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I'm curious what plant this is! I found it at 37°52'23.2"N 122°16'55.3"W (north of Oakland, California, USA).

mystery plant

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  • $\begingroup$ Strongly seems a member of umbelliferae (apiaceae) $\endgroup$ Aug 28 '16 at 19:22
  • $\begingroup$ except yellow colour I didn't look it like mustard. Mustard family shows clear-cut racemose inflorescence but this one is umbel cymose $\endgroup$ Sep 10 '16 at 16:48
  • $\begingroup$ i have at my back yard ,i do not now the name .we have it in Eritrea we call it Chilan smell's good .we use it for holiday decoration. $\endgroup$ May 6 '17 at 19:36
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That's East Indian Fennel. It's a member of the celery family. Every part is edible, including the root and the seeds. It's packed with vitamins, calcium and is used to stop restless leg syndrome, among other ailments. The feathers (leafs) can be used to wrap meat and fish before baking or eaten fresh on a green salad. Once par boiled they lose their licorice taste and can be eaten like steamed spinach. The Italians brought it over in the early 1800s and it flourished. It grows along the freeways of California and other states. I pick large batches of it for my juice extractor and other things. Look up the many medicinal uses of fennel. The flowers look similar to dill.

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  • $\begingroup$ Welcome to Biology.SE! It isn't clear that this adds anything to the existing answer that actually addresses the question. Please take the tour and then consult the help pages for additional advice on How to Answer effectively on this site. In particular, you are more likely to get a positive response to an answer if you explain why your identification is correct. Specifically, please edit your answer to add discussion of key features that led you to this conclusion and supporting references or at least validated images. Without this your answer is indistinguishable from opinion. Thank you! 😊 $\endgroup$
    – tyersome
    Jun 20 '20 at 18:01
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    $\begingroup$ How can you tell the difference between East Indian Fennel and wild fennel (Foeniculum vulgare)? Is there a difference? $\endgroup$ Jun 20 '20 at 19:21
  • $\begingroup$ i like it ----- $\endgroup$
    – amara
    Jun 21 '20 at 19:28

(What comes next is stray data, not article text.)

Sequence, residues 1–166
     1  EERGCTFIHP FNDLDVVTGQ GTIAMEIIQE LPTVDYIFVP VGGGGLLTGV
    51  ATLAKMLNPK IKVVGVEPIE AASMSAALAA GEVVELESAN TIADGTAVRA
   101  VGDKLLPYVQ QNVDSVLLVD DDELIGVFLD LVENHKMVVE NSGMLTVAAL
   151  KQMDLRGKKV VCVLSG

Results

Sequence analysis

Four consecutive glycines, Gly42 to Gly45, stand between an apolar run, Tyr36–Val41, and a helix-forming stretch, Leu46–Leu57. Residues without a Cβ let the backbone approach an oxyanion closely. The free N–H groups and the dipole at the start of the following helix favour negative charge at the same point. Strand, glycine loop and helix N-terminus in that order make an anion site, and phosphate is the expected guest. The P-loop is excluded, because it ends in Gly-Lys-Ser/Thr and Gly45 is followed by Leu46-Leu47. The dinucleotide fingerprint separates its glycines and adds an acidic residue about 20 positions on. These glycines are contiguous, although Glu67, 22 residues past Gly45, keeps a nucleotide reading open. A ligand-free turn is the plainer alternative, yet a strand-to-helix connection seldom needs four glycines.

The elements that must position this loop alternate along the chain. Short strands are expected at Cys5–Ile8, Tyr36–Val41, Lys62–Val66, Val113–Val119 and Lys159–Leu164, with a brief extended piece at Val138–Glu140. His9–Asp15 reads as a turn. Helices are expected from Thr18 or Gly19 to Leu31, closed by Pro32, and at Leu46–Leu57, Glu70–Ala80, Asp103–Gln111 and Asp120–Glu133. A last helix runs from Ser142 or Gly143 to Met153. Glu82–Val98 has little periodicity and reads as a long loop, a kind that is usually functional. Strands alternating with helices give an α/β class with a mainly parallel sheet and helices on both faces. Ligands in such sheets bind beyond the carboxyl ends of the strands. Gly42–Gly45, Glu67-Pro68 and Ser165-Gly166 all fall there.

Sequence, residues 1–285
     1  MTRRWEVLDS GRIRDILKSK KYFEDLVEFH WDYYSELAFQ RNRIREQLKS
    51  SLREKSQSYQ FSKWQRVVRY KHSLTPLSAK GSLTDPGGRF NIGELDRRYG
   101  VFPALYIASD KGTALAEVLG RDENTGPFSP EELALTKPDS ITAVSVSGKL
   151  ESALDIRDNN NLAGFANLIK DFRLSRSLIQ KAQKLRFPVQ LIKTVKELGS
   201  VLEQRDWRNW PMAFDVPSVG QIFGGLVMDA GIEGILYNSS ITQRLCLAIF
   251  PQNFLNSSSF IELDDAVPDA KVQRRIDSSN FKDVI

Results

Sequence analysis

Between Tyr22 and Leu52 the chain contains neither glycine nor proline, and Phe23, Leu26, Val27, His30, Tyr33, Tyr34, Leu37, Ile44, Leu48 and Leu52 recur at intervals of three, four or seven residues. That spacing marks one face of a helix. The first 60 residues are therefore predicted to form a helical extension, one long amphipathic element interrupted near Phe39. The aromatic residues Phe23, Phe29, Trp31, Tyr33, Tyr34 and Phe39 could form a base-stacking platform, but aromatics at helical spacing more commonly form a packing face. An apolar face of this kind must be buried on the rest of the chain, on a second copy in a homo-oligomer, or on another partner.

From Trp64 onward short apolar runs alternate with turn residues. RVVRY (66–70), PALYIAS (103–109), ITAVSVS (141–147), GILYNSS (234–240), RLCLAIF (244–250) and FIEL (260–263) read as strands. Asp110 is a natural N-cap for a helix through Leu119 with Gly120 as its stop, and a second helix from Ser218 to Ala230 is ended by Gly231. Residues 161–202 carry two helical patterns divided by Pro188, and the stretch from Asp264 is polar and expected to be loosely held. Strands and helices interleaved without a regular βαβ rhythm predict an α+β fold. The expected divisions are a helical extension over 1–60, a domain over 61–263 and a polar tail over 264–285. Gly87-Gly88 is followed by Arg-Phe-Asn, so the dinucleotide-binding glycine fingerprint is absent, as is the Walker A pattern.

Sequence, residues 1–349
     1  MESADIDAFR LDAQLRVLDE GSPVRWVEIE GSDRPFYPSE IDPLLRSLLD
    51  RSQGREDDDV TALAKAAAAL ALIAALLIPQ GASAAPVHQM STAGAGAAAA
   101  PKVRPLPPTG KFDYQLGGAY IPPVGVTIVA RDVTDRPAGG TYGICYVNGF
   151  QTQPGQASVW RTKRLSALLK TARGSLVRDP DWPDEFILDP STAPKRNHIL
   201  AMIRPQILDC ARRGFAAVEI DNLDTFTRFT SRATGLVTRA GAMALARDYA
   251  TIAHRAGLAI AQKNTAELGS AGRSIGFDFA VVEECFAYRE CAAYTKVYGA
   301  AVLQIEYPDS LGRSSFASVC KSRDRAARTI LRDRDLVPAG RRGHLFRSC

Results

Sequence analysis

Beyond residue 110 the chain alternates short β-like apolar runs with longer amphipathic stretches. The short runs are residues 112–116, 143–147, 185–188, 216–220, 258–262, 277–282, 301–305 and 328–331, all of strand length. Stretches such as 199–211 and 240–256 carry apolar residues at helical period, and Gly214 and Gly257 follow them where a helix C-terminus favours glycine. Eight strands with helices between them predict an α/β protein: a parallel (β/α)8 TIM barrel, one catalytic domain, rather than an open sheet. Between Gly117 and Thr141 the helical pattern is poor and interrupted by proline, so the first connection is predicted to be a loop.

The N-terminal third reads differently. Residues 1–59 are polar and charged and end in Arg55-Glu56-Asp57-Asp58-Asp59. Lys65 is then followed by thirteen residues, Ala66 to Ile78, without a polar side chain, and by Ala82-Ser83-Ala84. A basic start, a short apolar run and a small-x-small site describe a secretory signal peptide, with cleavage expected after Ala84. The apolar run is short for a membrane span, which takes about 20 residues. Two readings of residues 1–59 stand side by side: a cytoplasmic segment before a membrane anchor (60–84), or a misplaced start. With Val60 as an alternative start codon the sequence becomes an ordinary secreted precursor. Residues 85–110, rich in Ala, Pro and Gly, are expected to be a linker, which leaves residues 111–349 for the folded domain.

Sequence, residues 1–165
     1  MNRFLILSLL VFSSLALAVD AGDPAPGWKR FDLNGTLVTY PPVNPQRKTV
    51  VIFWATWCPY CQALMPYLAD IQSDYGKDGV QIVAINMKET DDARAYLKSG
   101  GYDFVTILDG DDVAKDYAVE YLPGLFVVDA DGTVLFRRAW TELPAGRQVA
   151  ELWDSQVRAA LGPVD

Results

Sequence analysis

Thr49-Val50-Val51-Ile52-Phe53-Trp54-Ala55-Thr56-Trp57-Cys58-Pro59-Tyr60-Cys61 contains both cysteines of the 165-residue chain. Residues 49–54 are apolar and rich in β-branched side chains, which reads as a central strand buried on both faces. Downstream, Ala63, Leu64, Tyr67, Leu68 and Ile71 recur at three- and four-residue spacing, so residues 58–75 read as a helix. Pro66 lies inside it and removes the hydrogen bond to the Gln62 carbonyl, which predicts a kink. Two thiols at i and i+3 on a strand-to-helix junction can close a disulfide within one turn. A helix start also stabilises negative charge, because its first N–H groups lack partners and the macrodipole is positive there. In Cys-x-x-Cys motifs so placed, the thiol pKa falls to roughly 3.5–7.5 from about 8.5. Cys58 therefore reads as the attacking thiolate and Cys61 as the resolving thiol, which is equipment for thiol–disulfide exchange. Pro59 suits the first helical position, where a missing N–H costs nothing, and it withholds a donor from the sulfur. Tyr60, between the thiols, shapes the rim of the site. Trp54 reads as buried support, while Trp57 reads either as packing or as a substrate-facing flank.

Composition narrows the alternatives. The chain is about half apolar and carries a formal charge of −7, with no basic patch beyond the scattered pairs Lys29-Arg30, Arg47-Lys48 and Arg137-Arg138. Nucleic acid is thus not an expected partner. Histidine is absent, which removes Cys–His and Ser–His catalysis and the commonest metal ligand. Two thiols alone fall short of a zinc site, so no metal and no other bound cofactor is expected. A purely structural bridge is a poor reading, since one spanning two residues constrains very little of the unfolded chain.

• $\begingroup$ Fennel is native to Europe, so I'm not sure why you would claim this is "East Indian Fennel". If you have any evidence that this is not Foeniculum vulgare please edit your post to include that information. $\endgroup$
    – tyersome
    Jun 23 '20 at 18:14
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It looks a lot like Queen Anne's Lace, but yellow and with more slender leaves. I believe it's Sweet Fennel (Foeniculum vulgare). It's in the Apiaceae family, which has a lot of edibles: carrots, parsley, fennel, anise, caraway, celery, chervil, cicely, cilantro, cumin, dill, parsnips and more. Black swallowtail butterflies lay their eggs on this, so often you can find a really fine caterpillar on them; bees like the flowers as well.

Apiaceae has 3,700 species spread across 434 genera; it is the 16th-largest family of flowering plants. It has a few poisonous plants, like water hemlock (white flower) and poison hemlock (also white). Wild parsnip has a very similar yellow flower but it's sap is wildly irritating in the medical sense (it will cause pain and blisters); its leaves are very different.

enter image description here

If you crush some of the slender leaves between your fingers, it should smell like fennel (a common spice, e.g. in Italian sausage), or if you aren't familiar with that, a bit licorice-like.

enter image description here enter image description here

Sweet fennel (left, up to 6 feet tall) Wild Parsnip (right, 3-5 feet tall)

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    $\begingroup$ It does taste like licorice! $\endgroup$
    – amara
    Jul 18 '15 at 16:02
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    $\begingroup$ @naiad don't be so overconfident because many plants of umbelliferae looks very similar (so difficult to identify), as well there are highly toxic members. Yes the plants of umbelliferae contains a lot of volatile oils, so have good smell and flavor. Many member from this family used as spices and condiments ('hot-spices'). $\endgroup$ Sep 10 '16 at 16:57
  • $\begingroup$ @AlwaysConfused if I used this procedure, would I be safe? waiting an hour between each step of (1) lick (2) chew small piece, spit out (3) eat small piece (4) eat large piece. and, like, not continuing if it tastes unpleasant $\endgroup$
    – amara
    Sep 10 '16 at 17:59
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    $\begingroup$ Since nothing has been happened I think you need-not to worry, but taste is usually (exceptions are there) not considered as a part of identification protocol. So may be this information possibly will not help in identification since most-other allied members too have pungent taste and strong aroma. $\endgroup$ Sep 11 '16 at 3:57
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    $\begingroup$ Poison hemlock has white flowers, is "leafier" (it's more commonly confused with parsley than with fennel), and doesn't smell or taste like licorice. I would absolutely bet my life on your picture being of fennel based on the flowers alone. :) Another differentiator is that you're more likely to find fennel growing in drier areas (it's pretty common on hillsides and roadsides in the Bay Area) whereas hemlock likes moister conditions (usually near a creek or at least a depression in the terrain -- it grows all over Glen Canyon Park for example). $\endgroup$
    – Samwise
    Jan 17 '18 at 23:40

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